But He Never Hit Me
The Devastating Cost of
Non-Physical Abuse to Girls and Women

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Let’s face it: when we talk about abusive dating relationships or domestic violence in general, we usually think of a man abusing a woman, right? Women are always the “victims.”

It’s time for us to change the way we think because in fact, while male-to-female abuse is leveling off nationwide (at a very high level, I’ll grant you), female-to-male abuse is skyrocketing. Even if you believe in equal rights, that’s not good news for anyone! The fact that women have discovered equal opportunity bad behavior is not promising.

It used to be thought that female abusers used emotional abuse against men. You know what I mean: they would whine, pout, make him feel guilty. Here’s what some high school boys have told me about this form of abuse:

“If I don’t call my girlfriend at least once every night, she accuses me of not caring about her and starts to cry. I just saw her for half a day at school. Aren’t I allowed to have a life?”

“I feel like I’m always apologizing for stuff I didn’t do. She tells me I’m looking at girls when I’m not. I love her and I’m not looking at other girls. I can’t get her to believe that, so I just end up saying I’m sorry to make her feel better.”

“My girlfriend used to call me a ‘dick’ in front of her friends. It was humiliating. All the girls would laugh and think it was so cute. I told her how I felt and asked her to stop. When she wouldn’t, I realized that I was with a girl who told me that she loved me but didn’t care anything about my feelings.”

Do any of those stories sound familiar? They are the same sort of things women say about their abusive male partners! Why is it OK if a girl does the same thing? The answer is: it’s not.

Now, here’s the really depressing news: female-to-male PHYSICAL abuse has gone up at least threefold in many areas of the country in the last year! But there’s a difference between the ways in which girls abuse boys and the way boys abuse girls.

Men use their hands. They punch, slap, push, choke. Girls use weapons. Because, as women, we know that we are usually smaller and physically weaker than our male partners, we can’t overpower them, right? So, women are now using baseball bats, golf clubs, and the like to “even the score.” Let’s say a 5’ 2” girl decides to hurt her 6’ tall boyfriend. Ordinarily, it would look comical, but if she’s got a Louisville Slugger circling over her head like a lasso, it’s going to connect with his head. That’s much scarier than a push against a wall or even a black eye. I find that frightening and depressing.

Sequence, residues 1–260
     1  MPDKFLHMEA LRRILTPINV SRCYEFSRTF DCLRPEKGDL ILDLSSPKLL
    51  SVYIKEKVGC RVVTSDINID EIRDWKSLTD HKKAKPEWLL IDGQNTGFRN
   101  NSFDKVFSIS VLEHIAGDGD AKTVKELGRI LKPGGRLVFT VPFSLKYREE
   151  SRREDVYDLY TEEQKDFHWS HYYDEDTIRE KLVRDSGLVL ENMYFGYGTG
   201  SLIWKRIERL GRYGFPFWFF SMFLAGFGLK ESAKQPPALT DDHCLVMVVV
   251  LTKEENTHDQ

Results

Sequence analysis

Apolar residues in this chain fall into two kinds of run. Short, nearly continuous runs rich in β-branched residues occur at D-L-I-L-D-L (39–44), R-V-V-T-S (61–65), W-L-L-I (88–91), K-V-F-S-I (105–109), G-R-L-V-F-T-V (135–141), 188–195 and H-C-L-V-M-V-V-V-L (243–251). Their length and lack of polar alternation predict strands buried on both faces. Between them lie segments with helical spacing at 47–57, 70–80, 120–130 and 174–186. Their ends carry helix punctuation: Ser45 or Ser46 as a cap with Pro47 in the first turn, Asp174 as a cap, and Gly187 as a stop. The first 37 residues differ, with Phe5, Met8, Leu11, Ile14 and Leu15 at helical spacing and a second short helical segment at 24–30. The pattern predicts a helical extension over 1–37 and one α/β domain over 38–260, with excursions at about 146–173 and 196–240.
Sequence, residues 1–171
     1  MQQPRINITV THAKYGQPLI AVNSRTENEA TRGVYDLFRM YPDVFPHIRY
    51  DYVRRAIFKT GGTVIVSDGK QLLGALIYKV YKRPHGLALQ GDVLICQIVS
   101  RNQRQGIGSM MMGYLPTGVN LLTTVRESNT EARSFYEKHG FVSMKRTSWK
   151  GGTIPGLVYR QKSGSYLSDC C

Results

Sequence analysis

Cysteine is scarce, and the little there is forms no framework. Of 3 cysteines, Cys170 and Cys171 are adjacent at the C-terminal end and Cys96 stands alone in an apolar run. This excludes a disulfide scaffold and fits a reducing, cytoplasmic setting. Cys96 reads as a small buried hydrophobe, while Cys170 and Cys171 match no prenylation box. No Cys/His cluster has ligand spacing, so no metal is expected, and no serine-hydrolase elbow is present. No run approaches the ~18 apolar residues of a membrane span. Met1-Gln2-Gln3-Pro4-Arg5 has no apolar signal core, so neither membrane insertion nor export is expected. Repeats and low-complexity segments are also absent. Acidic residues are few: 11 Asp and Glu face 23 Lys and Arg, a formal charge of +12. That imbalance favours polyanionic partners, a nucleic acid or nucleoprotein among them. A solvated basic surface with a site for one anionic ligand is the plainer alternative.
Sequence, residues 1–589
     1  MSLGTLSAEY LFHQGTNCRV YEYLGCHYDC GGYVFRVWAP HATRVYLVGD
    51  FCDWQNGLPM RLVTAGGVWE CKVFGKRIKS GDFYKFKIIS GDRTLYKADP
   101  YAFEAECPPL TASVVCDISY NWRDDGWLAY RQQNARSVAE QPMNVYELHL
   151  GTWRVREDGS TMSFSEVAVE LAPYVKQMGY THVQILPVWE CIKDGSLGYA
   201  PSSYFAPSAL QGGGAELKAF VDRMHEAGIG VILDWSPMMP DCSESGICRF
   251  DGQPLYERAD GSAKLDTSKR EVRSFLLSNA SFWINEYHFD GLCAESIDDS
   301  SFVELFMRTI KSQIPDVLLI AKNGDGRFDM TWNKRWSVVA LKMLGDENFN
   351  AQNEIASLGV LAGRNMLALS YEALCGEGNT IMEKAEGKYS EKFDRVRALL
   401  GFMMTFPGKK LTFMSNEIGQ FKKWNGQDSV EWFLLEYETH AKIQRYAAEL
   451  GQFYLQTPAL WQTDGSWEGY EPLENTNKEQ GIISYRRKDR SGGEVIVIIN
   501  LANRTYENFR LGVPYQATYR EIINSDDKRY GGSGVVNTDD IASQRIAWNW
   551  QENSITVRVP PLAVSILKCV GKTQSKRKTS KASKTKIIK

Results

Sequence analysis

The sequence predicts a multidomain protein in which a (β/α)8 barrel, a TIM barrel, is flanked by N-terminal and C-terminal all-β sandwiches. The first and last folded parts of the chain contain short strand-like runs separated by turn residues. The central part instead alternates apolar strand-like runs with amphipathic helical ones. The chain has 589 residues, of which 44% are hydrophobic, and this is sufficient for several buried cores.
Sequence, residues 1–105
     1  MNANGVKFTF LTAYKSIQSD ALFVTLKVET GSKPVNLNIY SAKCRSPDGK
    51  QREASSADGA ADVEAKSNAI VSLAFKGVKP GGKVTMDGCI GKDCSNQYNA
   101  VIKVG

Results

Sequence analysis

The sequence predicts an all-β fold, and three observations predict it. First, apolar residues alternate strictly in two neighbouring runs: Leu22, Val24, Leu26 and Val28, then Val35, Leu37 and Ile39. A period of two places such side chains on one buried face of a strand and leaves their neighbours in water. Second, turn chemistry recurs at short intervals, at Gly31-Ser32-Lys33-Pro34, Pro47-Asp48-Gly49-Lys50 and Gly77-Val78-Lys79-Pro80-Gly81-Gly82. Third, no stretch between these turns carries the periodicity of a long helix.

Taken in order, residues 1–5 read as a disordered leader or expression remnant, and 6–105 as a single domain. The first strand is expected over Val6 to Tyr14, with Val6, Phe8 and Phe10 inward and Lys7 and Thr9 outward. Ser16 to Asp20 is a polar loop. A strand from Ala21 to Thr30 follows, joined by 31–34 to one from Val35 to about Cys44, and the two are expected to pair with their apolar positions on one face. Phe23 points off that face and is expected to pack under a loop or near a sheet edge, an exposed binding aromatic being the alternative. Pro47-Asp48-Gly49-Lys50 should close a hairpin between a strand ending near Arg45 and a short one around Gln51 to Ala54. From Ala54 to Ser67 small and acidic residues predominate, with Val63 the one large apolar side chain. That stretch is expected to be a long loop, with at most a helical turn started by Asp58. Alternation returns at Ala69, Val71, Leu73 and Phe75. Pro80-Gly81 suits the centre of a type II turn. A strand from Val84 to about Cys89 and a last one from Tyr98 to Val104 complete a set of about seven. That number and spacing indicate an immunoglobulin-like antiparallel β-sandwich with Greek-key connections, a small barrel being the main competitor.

Men don’t report when they have been violated. They feel that people would make fun of them or joke about their perceived lack of masculinity. The live with the same secretiveness and shame that abused girls and women speak of.

Girls and women have the same insecurities as guys, but a girl’s fears are socially acceptable. They act out abusively for the same reasons boys do: power and control. They like dominance. They need to get help just like male abusers do.

If this article applies to you, I hope you will seek some help. You can’t be happy with yourself and your relationships. If it applies to someone you know, why don’t you e-mail it to her, or suggest she take a look at this website. Then, be a friend and support her in this difficult journey of self-discovery and healing.

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© 2005 by Jill Murray. All rights reserved. The author of this book does not dispense medical advice or prescribe the use of any techniques as forms of treatment for physical or medical problems without the advice of a physician, either directly or indirectly. The intent of the author is only to offer information of a general nature to help you in your quest for emotional and spiritual well-being. In the event you use any of the information in this book or on this website for yourself, which is your constitutional right, the author and the publisher assume no responsibility for your actions.